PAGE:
Why Black Premies Are In Danger

A mother's hand touching her baby's headThe National Medical Association (NMA) is the nation’s oldest and largest association of African American (AA) physicians and is a longstanding advocate of patient health, increased healthcare coverage and access and remains the leading voice against health disparities. The NMA previously issued a “Call to Action” regarding the Respiratory Synctial Virus (RSV) based on its commitment to all of the nation’s children but particularly minority premature infants. “The NMA has a long history of advocating for those who do not have a “voice” in healthcare; certainly our advocacy for premature infants who are at increased risk from RSV is unwavering,” said Dr. Rahn Kennedy Bailey, President of the NMA.

RSV is an infection which is the major cause of respiratory illness in infants and young children. According to the CDC, 18% of African American women give birth to a premature baby, thus, 100,000 African- American babies are born early every year in the United States, compared to 12% for Hispanic women and 11.6% for Caucasian women. Premature birth is one of the leading causes of RSV which has caused an estimated 90,000 hospitalizations and 4,500 deaths per year in children five years of age and younger. With the current flu outbreak at its peak, RSV is often mistaken for a cold; however, it must be noted that RSV is 10 times more lethal than the flu.

The NMA’s position on RSV is a result of a stringent review process which was embarked upon in 2010 when the NMA convened experts and a variety of organizational leaders to review RSV in the minority community. As a result of this meeting, the NMA’s Consensus Panel publication was produced a comprehensive approach to RSV based on the most current and reliable medical evidence. The Consensus Panel paper provides a roadmap for increased awareness, education, treatment and public health policy. “The NMA’s recommendations are not that of just one segment of our physicians or even ours solely as an organization. Our process involves several organizations and experts from the entire spectrum of healthcare,” said Dr. Bailey. The NMA’s paper is the most extensive and comprehensive document focused on RSV in African Americans ever produced.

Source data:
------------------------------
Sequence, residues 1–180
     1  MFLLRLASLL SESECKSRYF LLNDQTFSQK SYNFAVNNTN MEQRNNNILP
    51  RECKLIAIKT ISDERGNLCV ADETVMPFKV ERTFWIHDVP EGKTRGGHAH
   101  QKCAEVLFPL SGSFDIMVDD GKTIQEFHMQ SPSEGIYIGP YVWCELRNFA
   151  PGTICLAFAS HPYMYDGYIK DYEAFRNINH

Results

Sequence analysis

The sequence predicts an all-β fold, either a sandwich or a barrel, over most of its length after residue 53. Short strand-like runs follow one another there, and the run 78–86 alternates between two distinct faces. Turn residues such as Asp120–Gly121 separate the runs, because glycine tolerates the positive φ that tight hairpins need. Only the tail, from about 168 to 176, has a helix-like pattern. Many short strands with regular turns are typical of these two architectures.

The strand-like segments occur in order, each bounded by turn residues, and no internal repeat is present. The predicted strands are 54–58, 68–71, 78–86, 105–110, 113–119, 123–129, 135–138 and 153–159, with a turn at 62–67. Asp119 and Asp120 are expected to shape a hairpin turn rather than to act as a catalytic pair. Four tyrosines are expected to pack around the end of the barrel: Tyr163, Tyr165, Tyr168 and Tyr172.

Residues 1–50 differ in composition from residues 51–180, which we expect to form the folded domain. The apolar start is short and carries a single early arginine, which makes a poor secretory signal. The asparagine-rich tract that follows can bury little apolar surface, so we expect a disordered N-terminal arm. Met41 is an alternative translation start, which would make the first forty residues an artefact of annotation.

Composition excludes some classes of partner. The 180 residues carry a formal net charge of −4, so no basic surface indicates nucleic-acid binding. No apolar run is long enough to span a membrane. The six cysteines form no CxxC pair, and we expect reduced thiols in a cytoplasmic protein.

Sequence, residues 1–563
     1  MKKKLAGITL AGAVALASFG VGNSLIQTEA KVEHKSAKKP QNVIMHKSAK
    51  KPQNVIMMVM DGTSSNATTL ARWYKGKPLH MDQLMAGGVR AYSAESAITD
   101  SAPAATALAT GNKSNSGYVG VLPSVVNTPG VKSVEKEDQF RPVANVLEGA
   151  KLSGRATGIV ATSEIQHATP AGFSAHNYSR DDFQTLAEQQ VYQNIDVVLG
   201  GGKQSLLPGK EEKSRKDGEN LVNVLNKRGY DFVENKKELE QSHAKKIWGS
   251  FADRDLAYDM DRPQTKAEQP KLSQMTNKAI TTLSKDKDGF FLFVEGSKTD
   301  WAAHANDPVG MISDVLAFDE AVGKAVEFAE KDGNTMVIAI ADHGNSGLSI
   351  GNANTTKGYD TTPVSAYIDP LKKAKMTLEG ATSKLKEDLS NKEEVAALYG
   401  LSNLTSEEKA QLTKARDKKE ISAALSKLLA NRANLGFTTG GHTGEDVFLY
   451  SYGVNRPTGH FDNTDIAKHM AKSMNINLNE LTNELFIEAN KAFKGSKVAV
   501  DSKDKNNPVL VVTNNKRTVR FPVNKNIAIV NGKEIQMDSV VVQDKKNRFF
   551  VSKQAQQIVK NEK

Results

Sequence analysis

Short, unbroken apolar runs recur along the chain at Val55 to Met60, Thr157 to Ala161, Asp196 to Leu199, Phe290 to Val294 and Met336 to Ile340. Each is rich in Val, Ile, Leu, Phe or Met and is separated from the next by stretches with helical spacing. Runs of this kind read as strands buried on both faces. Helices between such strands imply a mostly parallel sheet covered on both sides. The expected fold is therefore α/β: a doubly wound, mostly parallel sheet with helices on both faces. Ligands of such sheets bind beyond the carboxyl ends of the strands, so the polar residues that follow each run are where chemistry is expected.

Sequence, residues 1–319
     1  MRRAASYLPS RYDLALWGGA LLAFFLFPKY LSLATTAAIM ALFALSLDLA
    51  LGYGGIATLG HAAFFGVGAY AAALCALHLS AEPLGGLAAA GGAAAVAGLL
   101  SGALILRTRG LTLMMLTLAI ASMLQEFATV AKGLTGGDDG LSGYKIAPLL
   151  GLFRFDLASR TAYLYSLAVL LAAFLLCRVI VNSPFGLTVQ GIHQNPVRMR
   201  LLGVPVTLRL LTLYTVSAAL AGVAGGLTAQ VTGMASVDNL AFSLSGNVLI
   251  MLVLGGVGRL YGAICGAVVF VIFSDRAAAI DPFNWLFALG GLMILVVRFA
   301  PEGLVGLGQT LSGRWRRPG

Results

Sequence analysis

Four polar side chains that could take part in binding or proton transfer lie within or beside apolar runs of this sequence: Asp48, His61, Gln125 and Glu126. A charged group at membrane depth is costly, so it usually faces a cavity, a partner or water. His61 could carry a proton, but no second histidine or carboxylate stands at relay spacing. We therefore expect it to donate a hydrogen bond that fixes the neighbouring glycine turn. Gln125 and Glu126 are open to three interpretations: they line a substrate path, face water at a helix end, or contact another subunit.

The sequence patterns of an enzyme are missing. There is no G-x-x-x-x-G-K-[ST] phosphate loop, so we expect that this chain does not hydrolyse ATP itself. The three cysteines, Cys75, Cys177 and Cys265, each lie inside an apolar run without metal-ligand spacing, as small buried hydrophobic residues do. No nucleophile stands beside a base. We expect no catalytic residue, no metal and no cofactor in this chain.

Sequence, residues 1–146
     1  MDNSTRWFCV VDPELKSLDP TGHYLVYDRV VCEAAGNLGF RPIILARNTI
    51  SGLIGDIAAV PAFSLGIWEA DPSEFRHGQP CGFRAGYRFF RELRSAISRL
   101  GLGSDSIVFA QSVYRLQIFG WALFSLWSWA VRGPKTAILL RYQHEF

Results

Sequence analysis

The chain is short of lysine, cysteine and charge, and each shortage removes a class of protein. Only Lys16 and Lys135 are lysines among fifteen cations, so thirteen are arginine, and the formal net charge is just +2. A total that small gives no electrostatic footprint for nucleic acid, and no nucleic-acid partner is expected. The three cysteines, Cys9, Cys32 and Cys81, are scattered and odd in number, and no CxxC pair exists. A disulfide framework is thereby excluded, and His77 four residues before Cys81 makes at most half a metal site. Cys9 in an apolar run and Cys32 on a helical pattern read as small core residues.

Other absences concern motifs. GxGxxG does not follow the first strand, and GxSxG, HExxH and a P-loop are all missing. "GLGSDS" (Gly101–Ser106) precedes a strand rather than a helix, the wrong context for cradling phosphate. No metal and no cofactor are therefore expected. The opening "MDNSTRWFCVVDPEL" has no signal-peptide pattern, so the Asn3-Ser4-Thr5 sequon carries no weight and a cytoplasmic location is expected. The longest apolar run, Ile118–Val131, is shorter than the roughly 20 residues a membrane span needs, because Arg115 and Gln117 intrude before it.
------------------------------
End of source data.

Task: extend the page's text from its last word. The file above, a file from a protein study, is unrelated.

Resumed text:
The NMA is particularly concerned about access to care and other barriers that would place all children at risk and disproportionately affect African Americans. The NMA has repeatedly expressed serious concerns about clinical guidelines published by the American Academy of Pediatrics’ Committee of Infectious Disease (AAP/COID), which decreases the length of time that infants receive the antibody that protects them from RSV. The NMA has recommended that additional research be conducted to ensure that

physicians provide the maximum protection to infants and children at risk of RSV. Further, the NMA is alarmed that the guideline changes have limited scientific backing to support the restriction in access to treatment and strongly encourages more clinical trials with a representative number of African American infants. “We cannot continue to experiment with our infants or support “off-label” treatment via decreasing the length of treatment and dosing. The NMA will continue to advocate for increased research and demands the recommended duration of treatment be based on substantial clinical trials and thus scientific evidence. As the nation’s association of African American physicians with a vibrant pediatric section that treats hundreds of thousands of children each year, we truly believe that our input is invaluable and should be heard,” continued Dr. Bailey.